Training Your Dog To Ring a Bell To Go Outside and Potty

Dog ringing bell hanging beside door

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When we first got our mini Goldendoodle, we knew we wanted to train her to ring a bell when she needed to go outside. This seemed like a great way for her to be able to communicate to us that she needed to go potty.

We had heard about people doing this and thought it would be cool to train our dog to do it as well.

The main reason we were interested in teaching our dog to do this is that it makes it easier to know when your dog needs to go outside. The dog doesn’t have to cry and beg and make you guess what they want.

You know that when they ring their bell and you hear it from all over the house, they need to go outside.

In a way, it’s like giving them a voice to be able to express their needs and for us humans to know exactly what they are wanting.

Many people have been successful at training their dog to do this so we knew it was possible. The breeder that we purchased our dog from gave us the idea to train her in this way.

With our dog’s high level of intelligence and her willingness to learn things and please us, we knew it would be doable so we set out to make it happen.

When we got our dog 13 years ago, there wasn’t much information about doing this. We didn’t read about or learn how to do it from someone who had successfully done it.

Instead, we used simple training principles and figured it out on our own.

Now that we’ve had 13 years with our dog and she has been ringing her bell the entire time, I feel capable of teaching others how to train their dog to do the same thing.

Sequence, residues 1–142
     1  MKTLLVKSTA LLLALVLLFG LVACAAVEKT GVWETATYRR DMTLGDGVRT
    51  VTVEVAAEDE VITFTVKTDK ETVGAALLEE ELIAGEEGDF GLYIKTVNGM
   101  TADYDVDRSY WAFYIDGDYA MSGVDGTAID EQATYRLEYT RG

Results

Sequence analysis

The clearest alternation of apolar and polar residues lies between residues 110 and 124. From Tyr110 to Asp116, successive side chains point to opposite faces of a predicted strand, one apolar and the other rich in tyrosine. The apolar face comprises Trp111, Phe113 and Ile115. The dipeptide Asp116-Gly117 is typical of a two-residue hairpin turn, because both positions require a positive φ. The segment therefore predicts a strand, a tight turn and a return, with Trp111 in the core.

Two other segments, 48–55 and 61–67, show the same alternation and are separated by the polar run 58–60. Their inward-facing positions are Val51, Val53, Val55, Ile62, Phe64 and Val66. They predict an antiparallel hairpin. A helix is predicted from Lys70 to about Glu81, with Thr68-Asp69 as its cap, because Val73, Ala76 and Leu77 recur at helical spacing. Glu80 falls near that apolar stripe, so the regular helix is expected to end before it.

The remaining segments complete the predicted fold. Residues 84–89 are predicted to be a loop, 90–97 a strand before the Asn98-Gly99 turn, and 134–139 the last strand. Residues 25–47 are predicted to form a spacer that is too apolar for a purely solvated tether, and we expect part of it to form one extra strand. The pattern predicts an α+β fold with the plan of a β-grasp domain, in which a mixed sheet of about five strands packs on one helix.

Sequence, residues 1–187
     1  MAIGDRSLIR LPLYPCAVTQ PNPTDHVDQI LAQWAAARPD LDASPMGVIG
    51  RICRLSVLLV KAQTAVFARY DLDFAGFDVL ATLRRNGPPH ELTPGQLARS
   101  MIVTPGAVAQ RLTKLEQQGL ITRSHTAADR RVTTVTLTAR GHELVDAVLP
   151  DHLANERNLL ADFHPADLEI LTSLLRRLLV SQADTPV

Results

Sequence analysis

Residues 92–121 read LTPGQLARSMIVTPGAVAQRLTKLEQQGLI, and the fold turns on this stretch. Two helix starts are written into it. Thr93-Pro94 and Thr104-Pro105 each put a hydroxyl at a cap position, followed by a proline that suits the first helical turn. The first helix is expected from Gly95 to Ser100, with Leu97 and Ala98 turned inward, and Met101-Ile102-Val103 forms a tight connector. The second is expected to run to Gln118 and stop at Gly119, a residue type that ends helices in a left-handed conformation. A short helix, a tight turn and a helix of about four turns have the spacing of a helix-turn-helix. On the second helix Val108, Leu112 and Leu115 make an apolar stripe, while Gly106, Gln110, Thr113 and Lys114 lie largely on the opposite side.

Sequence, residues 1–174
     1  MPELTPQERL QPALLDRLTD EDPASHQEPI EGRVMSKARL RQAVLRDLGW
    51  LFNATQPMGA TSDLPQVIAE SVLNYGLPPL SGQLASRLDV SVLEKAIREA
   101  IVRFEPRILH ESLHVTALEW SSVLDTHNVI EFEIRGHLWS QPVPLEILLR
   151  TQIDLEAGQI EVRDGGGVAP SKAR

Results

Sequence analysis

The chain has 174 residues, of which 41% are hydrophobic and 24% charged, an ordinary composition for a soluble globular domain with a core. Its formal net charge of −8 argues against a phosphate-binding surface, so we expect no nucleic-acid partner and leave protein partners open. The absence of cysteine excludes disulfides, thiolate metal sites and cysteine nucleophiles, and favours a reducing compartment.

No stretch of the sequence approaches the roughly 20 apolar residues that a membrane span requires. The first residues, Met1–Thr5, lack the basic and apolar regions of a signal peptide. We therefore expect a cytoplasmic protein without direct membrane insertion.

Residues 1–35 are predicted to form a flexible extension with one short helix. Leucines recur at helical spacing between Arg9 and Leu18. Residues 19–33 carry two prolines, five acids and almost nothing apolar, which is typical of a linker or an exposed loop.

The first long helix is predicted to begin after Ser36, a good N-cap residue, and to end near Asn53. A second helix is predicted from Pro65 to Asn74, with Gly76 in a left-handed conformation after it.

The following article will outline the simple steps we used when we taught our dog to use the bell when she needed to go outside.

Table of contents

If you’d like to jump right into the training steps, click on a link below to be taken to that specific content.

Buying and Installing a Bell

There are all kinds of bells on the market for this purpose. Whether you want a cheap one or a more elaborate one, there is one that will suit your needs.

We chose a very cheap solution and have been using the same one since the first time we hung it up. It has been her bell from day one and it has worked great.

Dog bell by the door
Our cheap bell solution

The one we purchased was a cheap Christmas bell 2-pack and it was probably only a couple of dollars. We also purchased some string and a hook and installed it on the drywall beside the door.

We attached the bell to the wall at about chest level to our dog so that she could reach up and use it very easily.

One important thing to look at when choosing a bell is to make sure it is loud enough. You don’t want to put a bell up that you can barely hear unless you are sitting in the same room.

The point of the bell is so that your dog can communicate their needs even if you aren’t in the room.

I’m often on the other side of the house or upstairs when I hear our dog ring her bell. We have no problems hearing it as long as she rings it and doesn’t just do a lazy move and touch it with her nose, which she sometimes does.

At her age, she assumes that she can just look at her bell and we should know what she wants. She doesn’t always want to put in the energy to lift a paw and ring the thing.

Cheap and Simple Bell Solution

I prefer to keep things simple. Less moving parts and less technology means fewer things that could go wrong. That’s why we went with the bell we did and why it has lasted for her entire life so far.

If I were going to do it all over again, I would opt for the same cheap solution that we did with our dog. I would probably use the same exact bells that we used or I would use a simple mountable bell like the barkOutfitters GoGo Bell Dog Doorbell or the Mighty Paw Metal Potty Bell.

These types of bells get the job done and they are loud enough to be heard from nearly anywhere in your house.

Good things about this type of bell.

  • It does the job for the cheapest amount of money.
  • Nothing to break unless your dog hits it so hard it falls off the wall in which case, it’s easy to put it back up.
  • It’s loud enough to hear across the house unless you have a huge mansion.